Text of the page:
Exercises You Should Be Doing: 1-Arm Kettlebell Front Squat
I had the opportunity of being invited to a local CrossFit affiliate here in Boston yesterday to spend an hour or so taking their staff – as well as a handful of other trainers from local commercial gyms – through an informal staff in-service on assessment.
I say “informal” because I wore jeans and a t-shirt and swore like a sailor. And I chewed gum the entire time. I basically broke every rule there is when it comes to public speaking. It was awesome.
While the main “theme” of the talk was shoulders, shoulder assessment, and how we can make things in CrossFit a bit more “shoulder friendly,” on more than one occasion I made the following point:
An assessment (or screen, which is a more appropriate term I feel) should serve a few functions:
1. To gather information and find out where a person’s Point A is.
2. Give them an opportunity to prove to YOU (the coach) that they can do “stuff.”
I’m a strength guy, and in my eyes everyone I work with is going to squat to some capacity, deadlift to some capacity, bench press to some capacity, and inevitably end up listening to Tiesto to some capacity.
Sorry, if you train under my roof, it’s my rules…..;o)
Where the assessment/screen comes in is to serve as a litmus test to tell me which VARIATION of the squat or deadlift or bench press or whatever the client will start with.
Not everyone can walk in on day one and conventional deadlift from the floor. Likewise, depending on one’s past or current injury history, training experience, goals, and postural imbalances (to name a few), maybe something as innocuous as a standard bench press will be too advanced for them.
With that in mind, today’s exercise you should be doing falls underneath this people-are-going-to-do-stuff-just-not-the-advanced-stuff-they-think-they-should-be-doing umbrella.
1-Arm Kettlebell Front Squat
Who Did I Steal It From: I have no idea, so I’ll just say Professor Snape.
What Does It Do: This is a fantastic squat variation which, after mastering the Goblet Squat, still allows the trainee to groove their hip hinge pattern, engage the anterior core, but with an additional component: ROTARY STABILITY.
By holding one KB to one side of the body, it forces the body to further stabilize itself and to resist the rotational forces placed on it.
Furthermore, this also serves as a nice variation which is a bit more shoulder friendly in its own right. Back squats for example may be problematic for some due to the “at risk” position the shoulder joint is placed in (maximal abduction + external rotation) during its execution.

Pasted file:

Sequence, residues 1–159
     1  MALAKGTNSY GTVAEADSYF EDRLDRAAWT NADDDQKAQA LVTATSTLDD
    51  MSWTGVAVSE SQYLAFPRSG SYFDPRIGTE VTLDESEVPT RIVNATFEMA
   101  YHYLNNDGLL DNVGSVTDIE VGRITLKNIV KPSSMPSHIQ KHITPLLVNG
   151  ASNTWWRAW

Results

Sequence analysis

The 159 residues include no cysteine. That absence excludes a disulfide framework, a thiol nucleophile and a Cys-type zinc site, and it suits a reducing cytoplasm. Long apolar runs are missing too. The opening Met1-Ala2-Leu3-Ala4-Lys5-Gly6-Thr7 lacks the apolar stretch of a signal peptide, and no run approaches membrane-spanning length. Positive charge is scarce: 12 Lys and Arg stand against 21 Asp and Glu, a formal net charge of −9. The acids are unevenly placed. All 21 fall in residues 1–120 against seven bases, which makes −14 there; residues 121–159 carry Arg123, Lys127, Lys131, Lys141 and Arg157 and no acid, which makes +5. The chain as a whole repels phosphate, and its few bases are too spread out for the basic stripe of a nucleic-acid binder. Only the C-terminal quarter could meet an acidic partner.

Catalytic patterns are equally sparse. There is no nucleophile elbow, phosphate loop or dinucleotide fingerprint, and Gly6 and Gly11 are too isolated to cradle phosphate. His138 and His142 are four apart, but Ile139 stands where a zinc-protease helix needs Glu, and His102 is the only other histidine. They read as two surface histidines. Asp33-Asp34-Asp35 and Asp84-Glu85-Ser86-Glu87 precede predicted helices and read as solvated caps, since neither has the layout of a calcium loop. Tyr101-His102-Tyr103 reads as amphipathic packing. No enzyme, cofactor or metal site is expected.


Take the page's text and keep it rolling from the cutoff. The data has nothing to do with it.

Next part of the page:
The easy fix would be to use specialty bars such as the Giant Cambered bar or Safety Squat bar – or to just front squat – but not many people have access to them.
Hence, why this is yet another viable option.
Key Coaching Cues: It sounds borderline trivial, but picking up the kettlebell correctly matters. I see a lot of people just kind of haphazardly bend over and pick up the KB with a rounded back and this is something you don’t want to make a habit of doing. For starters, a kitten dies every time it happens. Secondly, your spine will thank you in the long run.
I like to tell people to “straddle” the KB standing roughly an arms length away. Reach down with a neutral spine, and “set” the lats and then pretend as if you’re trying to “hike” the kettlebell through your legs. Essentially you’re starting off the whole shebang by performing a 1-arm KB swing.
Clean the KB to one side of the body. The KB itself should rest in the nook of your pec muscle and shoulder.
From there place your free hand out in front of the body to act as a counterbalance and make a fist. Squeeze hard. This will elicit much more tension in the body.
Now….squat. All the same rules apply. Initiate by pushing the hips back, pushing the knees out (I like to tell people keep the knee cap in line with their middle toe), and keeping the chest up.
I’ll typically shoot for 6-8 reps per side and then switch sides. Give it a try today and let me know what you think.